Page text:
Now, Dewald paints an original piece herself and prints multiple copies of it to sell. In the early days of her business, with the help of her brother, Dewald printed copies of her pieces onto mugs. With her studio constantly evolving and growing she has added tote bags, her own range of skirts, and even pop sockets.
She found a new challenge when creating paintings for clothes, simply because of how the clothing is supposed to sit on a person’s body.
“And then you have to also think about how much extra fabric or material you need,” Dewald says. “A painting is just a rectangle and it goes on the wall and your edge. You do it so it looks the most aesthetically pleasing on the wall, where with clothing, you have to have so much extra that might not look as good as a painting. But you need that extra material in order to worry about scenes on the side, hems on the bottom, like pleats or even just the way like clothing sits on your body.”
Dewald’s first skirt was a black and white Hogwarts castle with Hedwig flying through the scene. She had initially collaborated with her sister-in-law to create them. But soon enough, Dewald wanted to offer a variety of sizes and lengths to her customers.
“I think we’re fairly unique in that aspect that we’re printing out work and it’s so customized and so unique,” she says, adding that she wants the clothes to be a wearable fashion for teachers or librarians. She feels that with their line of profession makes them the perfect customer for her clothes. The clothing line is also available in a variety of sizes.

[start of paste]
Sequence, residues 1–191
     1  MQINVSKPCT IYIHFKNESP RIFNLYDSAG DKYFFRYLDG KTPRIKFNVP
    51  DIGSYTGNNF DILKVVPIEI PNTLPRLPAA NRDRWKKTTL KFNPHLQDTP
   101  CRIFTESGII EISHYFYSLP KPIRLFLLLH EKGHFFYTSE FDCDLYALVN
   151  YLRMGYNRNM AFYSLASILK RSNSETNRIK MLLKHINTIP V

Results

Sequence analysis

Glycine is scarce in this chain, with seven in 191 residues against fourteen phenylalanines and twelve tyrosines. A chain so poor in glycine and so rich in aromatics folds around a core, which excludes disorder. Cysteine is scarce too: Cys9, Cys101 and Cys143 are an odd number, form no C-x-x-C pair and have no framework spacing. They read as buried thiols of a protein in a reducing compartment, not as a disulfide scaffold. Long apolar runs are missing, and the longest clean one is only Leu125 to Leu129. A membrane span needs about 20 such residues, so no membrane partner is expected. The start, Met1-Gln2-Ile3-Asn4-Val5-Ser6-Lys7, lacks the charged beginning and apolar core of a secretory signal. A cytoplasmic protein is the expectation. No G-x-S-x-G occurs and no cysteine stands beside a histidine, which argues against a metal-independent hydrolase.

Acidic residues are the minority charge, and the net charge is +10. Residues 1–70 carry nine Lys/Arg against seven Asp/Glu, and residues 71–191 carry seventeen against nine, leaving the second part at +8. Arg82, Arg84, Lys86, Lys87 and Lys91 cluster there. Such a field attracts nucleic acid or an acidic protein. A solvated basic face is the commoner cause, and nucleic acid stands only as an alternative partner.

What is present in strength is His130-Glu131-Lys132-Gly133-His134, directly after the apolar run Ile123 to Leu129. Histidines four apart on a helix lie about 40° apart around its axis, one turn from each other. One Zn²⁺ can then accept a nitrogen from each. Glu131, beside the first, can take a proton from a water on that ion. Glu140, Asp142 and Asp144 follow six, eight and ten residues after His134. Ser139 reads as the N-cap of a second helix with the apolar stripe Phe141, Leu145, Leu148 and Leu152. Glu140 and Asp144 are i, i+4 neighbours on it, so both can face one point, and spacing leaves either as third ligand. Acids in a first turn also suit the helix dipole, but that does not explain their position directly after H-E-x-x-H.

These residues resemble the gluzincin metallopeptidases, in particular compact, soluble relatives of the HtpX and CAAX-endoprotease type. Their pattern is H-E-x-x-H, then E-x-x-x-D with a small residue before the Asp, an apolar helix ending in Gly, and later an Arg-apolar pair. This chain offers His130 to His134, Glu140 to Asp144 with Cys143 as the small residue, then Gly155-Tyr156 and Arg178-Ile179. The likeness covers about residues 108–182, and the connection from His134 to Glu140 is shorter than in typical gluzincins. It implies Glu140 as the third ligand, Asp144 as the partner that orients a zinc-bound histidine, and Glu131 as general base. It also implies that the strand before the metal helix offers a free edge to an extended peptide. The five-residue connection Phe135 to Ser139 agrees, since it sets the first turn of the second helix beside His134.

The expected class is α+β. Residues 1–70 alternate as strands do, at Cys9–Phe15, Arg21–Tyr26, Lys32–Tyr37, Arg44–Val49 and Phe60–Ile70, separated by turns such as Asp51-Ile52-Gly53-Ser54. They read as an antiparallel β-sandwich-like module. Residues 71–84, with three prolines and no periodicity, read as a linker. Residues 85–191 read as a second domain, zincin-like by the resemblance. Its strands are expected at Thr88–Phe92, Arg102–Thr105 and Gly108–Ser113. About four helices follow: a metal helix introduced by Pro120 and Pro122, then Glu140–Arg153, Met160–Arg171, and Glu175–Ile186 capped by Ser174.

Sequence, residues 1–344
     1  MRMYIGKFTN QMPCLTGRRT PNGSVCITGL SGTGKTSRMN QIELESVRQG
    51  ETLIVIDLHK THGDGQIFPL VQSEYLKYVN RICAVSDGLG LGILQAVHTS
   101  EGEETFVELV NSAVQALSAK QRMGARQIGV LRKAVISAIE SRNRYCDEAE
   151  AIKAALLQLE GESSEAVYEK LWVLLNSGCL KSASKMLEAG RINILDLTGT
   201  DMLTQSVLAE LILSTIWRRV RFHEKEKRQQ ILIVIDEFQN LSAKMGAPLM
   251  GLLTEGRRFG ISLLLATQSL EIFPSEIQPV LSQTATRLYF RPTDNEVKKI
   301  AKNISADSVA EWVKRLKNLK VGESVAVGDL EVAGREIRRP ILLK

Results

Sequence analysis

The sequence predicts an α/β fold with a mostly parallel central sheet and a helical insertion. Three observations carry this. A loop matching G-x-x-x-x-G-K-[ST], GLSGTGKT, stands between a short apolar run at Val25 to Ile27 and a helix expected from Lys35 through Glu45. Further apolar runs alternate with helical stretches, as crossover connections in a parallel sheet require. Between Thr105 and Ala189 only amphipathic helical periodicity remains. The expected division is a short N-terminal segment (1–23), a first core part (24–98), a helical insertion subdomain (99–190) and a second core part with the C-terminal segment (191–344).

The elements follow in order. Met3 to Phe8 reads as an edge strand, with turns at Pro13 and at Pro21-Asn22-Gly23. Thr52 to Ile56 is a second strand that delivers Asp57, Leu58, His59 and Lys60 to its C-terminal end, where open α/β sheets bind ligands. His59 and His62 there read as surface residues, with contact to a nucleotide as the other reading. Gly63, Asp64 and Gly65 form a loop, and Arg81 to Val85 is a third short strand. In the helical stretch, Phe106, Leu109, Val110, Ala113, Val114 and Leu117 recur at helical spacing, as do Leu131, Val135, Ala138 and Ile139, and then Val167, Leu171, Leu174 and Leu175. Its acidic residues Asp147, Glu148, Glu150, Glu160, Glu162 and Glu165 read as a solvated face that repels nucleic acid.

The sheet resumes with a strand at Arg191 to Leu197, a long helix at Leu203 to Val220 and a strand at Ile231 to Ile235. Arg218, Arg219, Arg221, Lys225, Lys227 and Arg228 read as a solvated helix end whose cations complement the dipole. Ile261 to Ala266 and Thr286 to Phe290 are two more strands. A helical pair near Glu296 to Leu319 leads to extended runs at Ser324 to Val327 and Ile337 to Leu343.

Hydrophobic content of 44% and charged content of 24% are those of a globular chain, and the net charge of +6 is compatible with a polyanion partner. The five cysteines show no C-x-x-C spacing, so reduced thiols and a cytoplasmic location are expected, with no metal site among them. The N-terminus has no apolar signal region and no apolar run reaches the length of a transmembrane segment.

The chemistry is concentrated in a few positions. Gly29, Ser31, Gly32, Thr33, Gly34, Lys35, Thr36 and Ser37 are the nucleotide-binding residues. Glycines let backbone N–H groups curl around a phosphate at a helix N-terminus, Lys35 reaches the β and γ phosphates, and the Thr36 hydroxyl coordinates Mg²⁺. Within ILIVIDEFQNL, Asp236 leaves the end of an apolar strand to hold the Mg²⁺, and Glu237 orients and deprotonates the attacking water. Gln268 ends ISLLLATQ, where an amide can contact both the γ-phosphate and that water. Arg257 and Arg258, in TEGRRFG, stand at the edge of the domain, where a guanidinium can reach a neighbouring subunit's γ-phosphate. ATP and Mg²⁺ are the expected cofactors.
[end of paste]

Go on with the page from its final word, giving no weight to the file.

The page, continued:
Originally, Dewald used to do custom work to build up her clientele, but with business increasing, she is unable to continue doing so.
“Now, I only do custom work that I’m also interested in,” she says. “Anything that someone would come to me with, I have to watch, or read, or play with, depending on what it is. Whatever they would like, I have to have the same connection with.”
“You have to have a passion for it, you know,” she explains with a laugh.
The art studio held their first show at Toronto’s Fan Expo Canada. Dewald shipped her pieces and flew to Toronto two weeks later to attend the largest pop culture comic expo in Canada.
The show opened up a whole new clientele to Dewald. She found the experience to be new and fun.
“Usually, when I’m at a show, I always say ‘have you seen my work before?’ and people will say yes,” Dewald says. “But, we were in Toronto! It was just completely new people.”
She admits that it was odd having to explain who she is and what she does, instead of simply being known.
“It was a lot of talking and explaining what the paintings were and how we do all of our prints.”
The show inspired Dewald to take her studio on the road for a small tour in the United States.
“Think of the biggest van you can think of; the van is bigger than that,” she says. “We’ve designed it so our business actually sits below the bed in the back of the van and we installed the kitchen last week.”
While Canada has five major expos every year, the United States have an expo in almost every major city. Collectively, they hold more than 100 expos every year. Dewald hopes the tour will give her more exposure.
In the meantime, keep an eye on Kaypop Art Studio’s Facebook page for any shows or events they will be attending.